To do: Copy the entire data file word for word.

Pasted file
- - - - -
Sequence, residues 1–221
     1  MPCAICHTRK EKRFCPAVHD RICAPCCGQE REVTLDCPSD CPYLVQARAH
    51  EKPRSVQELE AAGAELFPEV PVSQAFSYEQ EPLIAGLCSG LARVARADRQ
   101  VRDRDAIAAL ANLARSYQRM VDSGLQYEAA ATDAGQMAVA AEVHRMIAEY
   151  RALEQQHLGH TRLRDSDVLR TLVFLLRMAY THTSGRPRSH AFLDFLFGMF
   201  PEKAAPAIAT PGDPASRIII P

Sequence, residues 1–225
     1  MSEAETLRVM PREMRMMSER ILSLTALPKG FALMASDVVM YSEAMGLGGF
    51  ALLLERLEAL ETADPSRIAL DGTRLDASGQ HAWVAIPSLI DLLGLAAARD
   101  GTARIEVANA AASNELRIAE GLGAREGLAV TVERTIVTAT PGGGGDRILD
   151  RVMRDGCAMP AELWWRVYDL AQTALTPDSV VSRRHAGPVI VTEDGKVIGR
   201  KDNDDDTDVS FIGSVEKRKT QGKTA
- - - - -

Sequence, residues 1–221
     1  MPCAICHTRK EKRFCPAVHD RICAPCCGQE REVTLDCPSD CPYLVQARAH
    51  EKPRSVQELE AAGAELFPEV PVSQAFSYEQ EPLIAGLCSG LARVARADRQ
   101  VRDRDAIAAL ANLARSYQRM VDSGLQYEAA ATDAGQMAVA AEVHRMIAEY
   151  RALEQQHLGH TRLRDSDVLR TLVFLLRMAY THTSGRPRSH AFLDFLFGMF
   201  PEKAAPAIAT PGDPASRIII P

Sequence, residues 1–225
     1  MSEAETLRVM PREMRMMSER ILSLTALPKG FALMASDVVM YSEAMGLGGF
    51  ALLLERLEAL ETADPSRIAL DGTRLDASGQ HAWVAIPSLI DLLGLAAARD
   101  GTARIEVANA AASNELRIAE GLGAREGLAV TVERTIVTAT PGGGGDRILD
   151  RVMRDGCAMP AELWWRVYDL AQTALTPDSV VSRRHAGPVI VTEDGKVIGR
   201  KDNDDDTDVS FIGSVEKRKT QGKTA